Fastest solution to ending deadlock on shutdown
Donald Trump is right to seriously consider declaring a national emergency as a way of paying for his border wall and ending the US government shutdown.
There are problems with such a dramatic move but as things stand, it is the only foreseeable way to leapfrog the deadlock between the Democrats and Trump and end the increasingly damaging federal shutdown.
Declaring a national emergency would allow Trump to bypass a gridlocked congress and obtain his $US5.7 billion for the wall via Pentagon defence funds rather than linking it as a condition of a funding bill to reopen the federal government.
Such a move would immediately be challenged in the courts by the Democrats as an overreach of his executive powers, but regardless of that outcome, it would allow both Trump and the Democrats a face-saving solution to the crisis.
More importantly it would allow the US government to reopen and pay cheques to be delivered to 800,000 workers.
For Trump, it would allow him to claim to those who elected him president that he has done everything possible to achieve his signature election promise of a wall stretching across the US-Mexico border.
Trump can rightly claim the wall as a key part of his mandate as president, despite the strong objections of his political opponents. After all, he won the election, they didn’t.
For the Democrats, a declaration of a national emergency by Trump would allow them to claim they stood fast in their opposition to the wall.
An emergency declaration would provide the party with rich pickings to portray the President as autocratic and undemocratic.
The truth is that both Trump and the Democrats deserve blame for the current damaging impasse that has triggered the almost three-week shutdown.
Trump deserves condemnation for cynically linking money for his border wall with a funding bill to keep the government operational.
This has held key government agencies hostage and has needlessly hurt ordinary Americans
But the Democrats also deserve condemnation for their breathtaking hypocrisy in declaring a border wall as an “immor- ality” after they supported in 2006 — and later implemented under Barack Obama — the construction of border fences across no less than one-third of the border.
A border wall may or may not prove effective and it is American taxpayers who will bear the substantial cost.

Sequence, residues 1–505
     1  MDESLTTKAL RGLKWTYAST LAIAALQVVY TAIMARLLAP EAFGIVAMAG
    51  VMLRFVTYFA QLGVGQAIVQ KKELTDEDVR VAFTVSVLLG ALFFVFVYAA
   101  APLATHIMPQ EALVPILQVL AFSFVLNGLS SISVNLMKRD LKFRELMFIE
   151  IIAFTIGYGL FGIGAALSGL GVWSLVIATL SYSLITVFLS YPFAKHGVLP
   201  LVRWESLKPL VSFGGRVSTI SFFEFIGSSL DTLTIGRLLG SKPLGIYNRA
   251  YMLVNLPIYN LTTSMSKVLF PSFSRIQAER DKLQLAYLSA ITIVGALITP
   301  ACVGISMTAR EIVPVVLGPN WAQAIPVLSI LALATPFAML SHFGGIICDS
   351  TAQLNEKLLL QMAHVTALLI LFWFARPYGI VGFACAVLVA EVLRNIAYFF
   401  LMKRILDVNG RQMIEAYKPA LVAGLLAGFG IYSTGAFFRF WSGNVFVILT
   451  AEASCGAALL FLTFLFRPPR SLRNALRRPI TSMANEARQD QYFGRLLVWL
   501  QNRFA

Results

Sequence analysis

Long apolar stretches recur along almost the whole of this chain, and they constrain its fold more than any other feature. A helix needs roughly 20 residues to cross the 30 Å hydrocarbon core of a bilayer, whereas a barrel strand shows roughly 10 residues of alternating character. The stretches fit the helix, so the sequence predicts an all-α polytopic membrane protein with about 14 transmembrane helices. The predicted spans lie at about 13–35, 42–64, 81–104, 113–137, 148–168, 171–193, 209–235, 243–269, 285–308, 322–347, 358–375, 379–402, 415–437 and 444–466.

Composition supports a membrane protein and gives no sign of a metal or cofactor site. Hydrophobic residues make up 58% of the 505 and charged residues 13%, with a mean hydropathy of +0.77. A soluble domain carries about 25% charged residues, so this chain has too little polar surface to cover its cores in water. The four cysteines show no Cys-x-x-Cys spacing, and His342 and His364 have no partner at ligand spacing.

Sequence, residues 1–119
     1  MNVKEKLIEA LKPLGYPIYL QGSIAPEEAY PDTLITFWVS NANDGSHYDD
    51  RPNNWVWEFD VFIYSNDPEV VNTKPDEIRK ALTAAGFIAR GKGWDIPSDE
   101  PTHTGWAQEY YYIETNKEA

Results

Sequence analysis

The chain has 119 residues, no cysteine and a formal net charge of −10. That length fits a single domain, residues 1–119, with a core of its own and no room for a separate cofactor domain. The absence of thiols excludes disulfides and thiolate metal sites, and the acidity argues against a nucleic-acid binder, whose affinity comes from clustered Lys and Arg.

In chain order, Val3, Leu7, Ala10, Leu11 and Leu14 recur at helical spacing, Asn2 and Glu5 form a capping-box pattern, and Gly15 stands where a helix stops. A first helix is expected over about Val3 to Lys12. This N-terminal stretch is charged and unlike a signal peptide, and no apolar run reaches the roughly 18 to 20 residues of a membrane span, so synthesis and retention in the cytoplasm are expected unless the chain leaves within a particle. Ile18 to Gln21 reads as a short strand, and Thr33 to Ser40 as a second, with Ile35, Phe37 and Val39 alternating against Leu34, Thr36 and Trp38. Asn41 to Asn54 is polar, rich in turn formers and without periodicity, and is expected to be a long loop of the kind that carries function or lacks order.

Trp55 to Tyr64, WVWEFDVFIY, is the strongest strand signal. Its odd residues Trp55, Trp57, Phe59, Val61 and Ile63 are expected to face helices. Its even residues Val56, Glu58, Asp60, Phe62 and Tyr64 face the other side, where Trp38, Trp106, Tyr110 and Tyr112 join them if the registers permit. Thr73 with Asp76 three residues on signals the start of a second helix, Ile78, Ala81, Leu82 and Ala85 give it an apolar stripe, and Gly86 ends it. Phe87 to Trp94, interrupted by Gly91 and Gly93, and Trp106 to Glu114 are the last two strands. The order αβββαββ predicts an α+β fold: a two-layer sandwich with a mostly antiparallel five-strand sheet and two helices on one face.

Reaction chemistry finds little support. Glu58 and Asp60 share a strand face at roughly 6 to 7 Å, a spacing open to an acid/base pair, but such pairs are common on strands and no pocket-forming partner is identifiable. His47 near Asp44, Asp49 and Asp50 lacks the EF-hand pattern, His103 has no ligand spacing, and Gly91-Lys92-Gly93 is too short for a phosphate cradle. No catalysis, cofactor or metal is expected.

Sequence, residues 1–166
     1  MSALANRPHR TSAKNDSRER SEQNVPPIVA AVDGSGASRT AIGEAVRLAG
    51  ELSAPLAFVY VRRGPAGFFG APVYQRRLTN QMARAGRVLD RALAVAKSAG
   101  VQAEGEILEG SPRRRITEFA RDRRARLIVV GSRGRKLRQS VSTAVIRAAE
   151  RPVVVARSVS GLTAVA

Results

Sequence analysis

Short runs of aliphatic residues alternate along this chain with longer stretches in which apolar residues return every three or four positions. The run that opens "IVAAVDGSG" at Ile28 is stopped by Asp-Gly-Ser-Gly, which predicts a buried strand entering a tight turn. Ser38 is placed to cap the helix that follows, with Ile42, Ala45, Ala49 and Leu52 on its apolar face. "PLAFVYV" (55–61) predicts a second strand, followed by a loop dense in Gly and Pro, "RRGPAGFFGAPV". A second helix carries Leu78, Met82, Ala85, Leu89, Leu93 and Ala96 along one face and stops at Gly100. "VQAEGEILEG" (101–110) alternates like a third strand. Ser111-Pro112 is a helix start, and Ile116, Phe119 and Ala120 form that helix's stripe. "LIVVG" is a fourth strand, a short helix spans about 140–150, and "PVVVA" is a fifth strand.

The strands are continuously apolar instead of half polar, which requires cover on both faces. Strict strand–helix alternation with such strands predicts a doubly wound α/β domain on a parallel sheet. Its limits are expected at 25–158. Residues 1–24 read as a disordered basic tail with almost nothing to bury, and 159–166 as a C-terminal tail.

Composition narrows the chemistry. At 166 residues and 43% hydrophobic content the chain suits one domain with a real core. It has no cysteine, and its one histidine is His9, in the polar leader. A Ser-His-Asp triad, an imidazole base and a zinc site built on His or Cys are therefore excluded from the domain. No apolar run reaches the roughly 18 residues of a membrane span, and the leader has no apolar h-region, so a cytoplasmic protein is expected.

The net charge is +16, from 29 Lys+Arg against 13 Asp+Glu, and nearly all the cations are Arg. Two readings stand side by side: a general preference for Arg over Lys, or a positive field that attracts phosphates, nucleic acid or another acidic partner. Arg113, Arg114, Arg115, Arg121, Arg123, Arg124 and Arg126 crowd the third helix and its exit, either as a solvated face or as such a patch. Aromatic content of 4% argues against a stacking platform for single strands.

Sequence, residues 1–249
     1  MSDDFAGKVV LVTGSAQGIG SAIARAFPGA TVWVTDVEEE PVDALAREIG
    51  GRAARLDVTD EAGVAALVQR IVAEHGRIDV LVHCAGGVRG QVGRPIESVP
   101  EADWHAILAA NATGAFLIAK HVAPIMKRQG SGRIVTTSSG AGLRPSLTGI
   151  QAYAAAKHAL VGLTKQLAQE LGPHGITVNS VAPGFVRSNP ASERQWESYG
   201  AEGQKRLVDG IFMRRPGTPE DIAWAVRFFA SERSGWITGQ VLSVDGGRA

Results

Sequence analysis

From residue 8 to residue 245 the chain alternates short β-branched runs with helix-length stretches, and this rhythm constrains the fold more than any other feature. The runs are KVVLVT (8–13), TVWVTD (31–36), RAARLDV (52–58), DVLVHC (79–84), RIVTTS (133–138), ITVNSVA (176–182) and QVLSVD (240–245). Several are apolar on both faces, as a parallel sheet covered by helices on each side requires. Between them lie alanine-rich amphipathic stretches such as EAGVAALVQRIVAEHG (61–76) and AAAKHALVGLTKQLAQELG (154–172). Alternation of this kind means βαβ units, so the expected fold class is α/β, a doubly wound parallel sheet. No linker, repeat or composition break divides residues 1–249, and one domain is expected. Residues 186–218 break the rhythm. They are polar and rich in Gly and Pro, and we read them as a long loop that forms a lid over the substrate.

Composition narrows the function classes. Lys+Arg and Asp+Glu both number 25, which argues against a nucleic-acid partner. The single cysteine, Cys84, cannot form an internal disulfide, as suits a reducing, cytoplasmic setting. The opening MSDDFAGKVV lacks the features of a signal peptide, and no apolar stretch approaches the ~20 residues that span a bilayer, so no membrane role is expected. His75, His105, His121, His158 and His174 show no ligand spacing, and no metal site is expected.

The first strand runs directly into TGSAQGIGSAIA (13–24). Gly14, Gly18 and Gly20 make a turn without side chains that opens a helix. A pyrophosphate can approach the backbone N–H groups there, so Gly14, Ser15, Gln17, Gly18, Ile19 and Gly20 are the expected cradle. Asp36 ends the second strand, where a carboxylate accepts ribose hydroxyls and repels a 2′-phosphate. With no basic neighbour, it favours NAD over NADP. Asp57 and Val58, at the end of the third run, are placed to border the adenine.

But those same taxpayers elected Trump on a promise to build it.
With 400,000 illegal migrants caught last year for crossing the border, a wall would clearly help reduce those numbers even if the other benefits touted by Trump such as reducing the influx of criminals and drug runners appear grossly overstated.
There are, however, some important downsides if Trump chooses to declare a national emergency to obtain funding for his wall.
Firstly, it is not a national emergency. Trump’s Oval Office speech this week was riddled with falsehoods and exaggerations about the alleged “humanitarian and national security crisis” on the border. However, illegal immigration in the US is a major problem and the country’s immigration and border security laws are a shambles. Yet it is not, in the context of recent American history, a national emergency in the manner which the legislation was intended.
In the 58 times that a president has declared national emergency powers, Trump would be the first president to do so in order to achieve a policy goal after failing to win congressional approval.
The fact that Pentagon funds would be used for the construction of the wall is also of concern because it will cut into other aspects of military spending and preparedness.
But Trump and the Democrats are showing zero willingness to negotiate a political solution to the shutdown and the impact of the prolonged closures across key government agencies are now hurting millions of ordinary Americans.
Declaring a national emergency would spark a fierce national debate about the respective powers of the president versus congress. But it would also provide the fastest solution to what will be within days the longest government shutdown in US history.
Donald Trump, flanked by Texas senators John Cornyn, left, and Ted Cruz on the Rio Grande at the border with Mexico yesterday